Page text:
Hundreds of thousands of people waited to see and be addressed by Comrade Nelson Mandela outside the City Hall in Cape Town on the day he was released. It was a long, hot wait, but it was a privilege to be there.
The mood among parts of the crowd is beginning to turn sour in the heat.
Posters all over Cape Town had advertised that Comrade Nelson Mandela would address the people at three o’ clock. Hundreds of thousands of people watch that time come and go. Organizers promise he will come.
The square across from the city hall is jam-packed with people. Everywhere, ANC flags and banners. Anywhere there is space to get some height — on traffic lights, a statue, roof tops — people have climbed up. The branch of a tree on which youths have been perched like birds snaps and comes crashing down, injuring some of them.
By the time we arrive, the crowd in front of the podium where Comrade Mandela is to speak is so thick that it will be impossible for his car to get there. Some are fainting in the crush and need medical attention.
As time drags, people get restless. Suddenly, trouble. A group of youths begin smashing shop windows and help themselves to bottles of drink. The riot police appear, and blaze the youths with birdshot. People dive to the ground for cover.
Fearful of being trampled underfoot, we run with the human tide towards the edge of the square. We later learn one person was shot dead. Dozens of others are hurt.
The sirens of ambulances can be heard above the noise, as they inch their way through the masses.
Still no sign of Comrade Mandela. There are no announcements explaining why. People say the sound system has died.
It is already just about dark when shouts of “There they are!” and “Viva! Mandela!” fill the air.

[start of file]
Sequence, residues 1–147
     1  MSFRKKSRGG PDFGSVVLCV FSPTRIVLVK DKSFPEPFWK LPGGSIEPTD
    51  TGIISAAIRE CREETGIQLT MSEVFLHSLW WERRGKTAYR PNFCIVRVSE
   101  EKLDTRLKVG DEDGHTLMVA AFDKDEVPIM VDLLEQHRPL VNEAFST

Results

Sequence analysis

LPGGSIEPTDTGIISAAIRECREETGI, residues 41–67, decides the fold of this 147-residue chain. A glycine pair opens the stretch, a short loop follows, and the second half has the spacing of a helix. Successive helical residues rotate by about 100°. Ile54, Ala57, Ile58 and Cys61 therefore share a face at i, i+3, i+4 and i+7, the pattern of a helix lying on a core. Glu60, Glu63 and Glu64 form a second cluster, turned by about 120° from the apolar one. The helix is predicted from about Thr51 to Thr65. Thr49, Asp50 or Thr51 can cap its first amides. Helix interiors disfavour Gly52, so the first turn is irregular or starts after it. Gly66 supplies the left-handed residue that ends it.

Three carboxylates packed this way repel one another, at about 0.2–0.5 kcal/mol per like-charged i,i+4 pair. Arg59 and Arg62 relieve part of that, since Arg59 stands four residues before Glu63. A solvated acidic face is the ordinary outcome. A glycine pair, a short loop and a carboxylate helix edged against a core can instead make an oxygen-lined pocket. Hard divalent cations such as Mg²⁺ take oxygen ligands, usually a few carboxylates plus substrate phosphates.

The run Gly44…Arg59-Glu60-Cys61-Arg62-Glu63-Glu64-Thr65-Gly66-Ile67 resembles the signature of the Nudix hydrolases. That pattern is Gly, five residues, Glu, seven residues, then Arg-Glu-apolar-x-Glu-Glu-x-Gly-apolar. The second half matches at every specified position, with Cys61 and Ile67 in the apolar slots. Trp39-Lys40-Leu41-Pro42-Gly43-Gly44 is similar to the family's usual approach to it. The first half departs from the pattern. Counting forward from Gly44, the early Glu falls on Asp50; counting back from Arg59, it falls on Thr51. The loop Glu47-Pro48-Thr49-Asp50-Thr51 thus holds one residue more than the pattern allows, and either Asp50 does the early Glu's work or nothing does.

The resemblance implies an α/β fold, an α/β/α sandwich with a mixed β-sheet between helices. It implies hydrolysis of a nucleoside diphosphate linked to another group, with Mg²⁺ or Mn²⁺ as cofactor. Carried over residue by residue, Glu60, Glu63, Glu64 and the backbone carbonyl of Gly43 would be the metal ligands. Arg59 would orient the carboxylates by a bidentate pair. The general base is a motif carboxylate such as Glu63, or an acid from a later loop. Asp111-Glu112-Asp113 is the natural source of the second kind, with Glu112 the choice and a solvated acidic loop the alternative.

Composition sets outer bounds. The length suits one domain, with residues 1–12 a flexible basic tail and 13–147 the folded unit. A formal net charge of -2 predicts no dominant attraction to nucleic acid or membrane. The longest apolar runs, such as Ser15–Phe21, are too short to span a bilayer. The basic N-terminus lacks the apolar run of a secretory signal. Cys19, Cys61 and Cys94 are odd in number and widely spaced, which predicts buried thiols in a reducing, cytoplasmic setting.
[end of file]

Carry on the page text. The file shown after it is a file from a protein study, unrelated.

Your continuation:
Comrade Mandela, his wife Winnie and others arrive in three or four cars. Instantly, hundreds of people surround them. They simply leave the vehicles in the middle of the street and make a dash for the side door, followed by a mass of chanting, happy bodies.
Word that the Comrade Leader has arrived blows across the square within seconds, as if driven by the strong Cape wind. At the far end of the square, people immediately begin pressing towards the podium.
The threat of violence has gone, and tension gives way to joy and expectation. Comrades Mandela and Sisulu appear on the balcony, together with the other leaders. The moment everyone has spent so much time waiting for has come. The crowd roars.
Comrade Sisulu calls for silence. Comrade Mandela, under the glare of yellow television lights, begins his first public speech in 27 years.
Above him, a huge ANC flag flutters. In front of him, a SACP flag. His strong voice carries over the square.
“I stand here before you not as a prophet,” he says, “but as a humble servant of you the people.”
What beautiful words, after all those years separated from his people. We are not ashamed to admit that there are tears in our eyes.
Comrade Mandela’s speech is hard-hitting and fresh — in true Mandela style. He calls for the intensification of the struggle against apartheid on all fronts, including the armed struggle.
He talks of fallen comrades, of the great suffering caused by apartheid, of freedom, and of justice. He ends by repeating the words from his historic speech from the dock in the Rivonia Trial in 1964:
“I have cherished the ideal of a democratic and free society in which all persons live together in harmony and with equal opportunities. It is an ideal which I hope to live for and to achieve. But if needs be, it is an ideal for which I am prepared to die.”
Comrade Winnie Mandela takes over and leads the huge crowd in the singing of the anthem, Nkosi Sikelel’ iAfrica. The melody fills the air, her voice rising out strong and steady.
Suddenly it’s all over. Thousands of men, women and children begin leaving. Their departure is orderly, disciplined and happy. It has been a day whose importance is beyond words in the long struggle against racist oppression. An ugly chapter in the history of both South Africa and humankind has been closed.
Down Table Mountain, a strong wind sweeps into the city, as if nature herself is trying to lend a hand in blowing away the great injustice that has gripped our country for so long.